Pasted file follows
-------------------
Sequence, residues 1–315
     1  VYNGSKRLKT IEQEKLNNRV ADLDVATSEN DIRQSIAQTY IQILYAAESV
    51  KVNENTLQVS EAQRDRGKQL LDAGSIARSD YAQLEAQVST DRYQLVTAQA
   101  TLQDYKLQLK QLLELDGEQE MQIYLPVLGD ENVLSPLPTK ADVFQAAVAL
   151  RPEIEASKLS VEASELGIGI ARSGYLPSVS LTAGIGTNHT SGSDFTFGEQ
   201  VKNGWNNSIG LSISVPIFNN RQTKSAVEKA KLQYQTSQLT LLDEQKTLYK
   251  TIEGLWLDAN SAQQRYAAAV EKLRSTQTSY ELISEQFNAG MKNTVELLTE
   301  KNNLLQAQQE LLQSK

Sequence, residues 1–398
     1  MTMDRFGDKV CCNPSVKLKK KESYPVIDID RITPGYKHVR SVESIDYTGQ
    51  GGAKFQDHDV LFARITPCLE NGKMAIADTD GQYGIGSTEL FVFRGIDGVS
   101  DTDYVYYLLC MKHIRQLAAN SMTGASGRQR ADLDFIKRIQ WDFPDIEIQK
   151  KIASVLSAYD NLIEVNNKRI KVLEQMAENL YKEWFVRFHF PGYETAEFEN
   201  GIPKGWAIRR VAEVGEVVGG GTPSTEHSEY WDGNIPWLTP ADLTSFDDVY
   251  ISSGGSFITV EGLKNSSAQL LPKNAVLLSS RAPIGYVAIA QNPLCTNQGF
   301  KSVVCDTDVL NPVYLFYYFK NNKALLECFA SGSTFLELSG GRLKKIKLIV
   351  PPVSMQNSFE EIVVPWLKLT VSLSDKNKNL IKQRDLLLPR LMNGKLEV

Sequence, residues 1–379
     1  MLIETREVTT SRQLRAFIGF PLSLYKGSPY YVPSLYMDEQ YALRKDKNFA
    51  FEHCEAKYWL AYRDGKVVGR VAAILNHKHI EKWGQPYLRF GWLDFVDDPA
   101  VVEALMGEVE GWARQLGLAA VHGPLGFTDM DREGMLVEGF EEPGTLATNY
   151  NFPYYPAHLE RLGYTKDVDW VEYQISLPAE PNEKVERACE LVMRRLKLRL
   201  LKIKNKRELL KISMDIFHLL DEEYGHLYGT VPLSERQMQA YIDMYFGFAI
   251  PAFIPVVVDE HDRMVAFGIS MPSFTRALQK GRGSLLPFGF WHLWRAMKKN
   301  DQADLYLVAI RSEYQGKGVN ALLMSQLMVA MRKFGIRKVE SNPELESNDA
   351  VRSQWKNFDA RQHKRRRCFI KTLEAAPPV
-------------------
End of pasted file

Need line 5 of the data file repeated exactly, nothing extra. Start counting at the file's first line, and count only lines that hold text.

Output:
   151  RPEIEASKLS VEASELGIGI ARSGYLPSVS LTAGIGTNHT SGSDFTFGEQ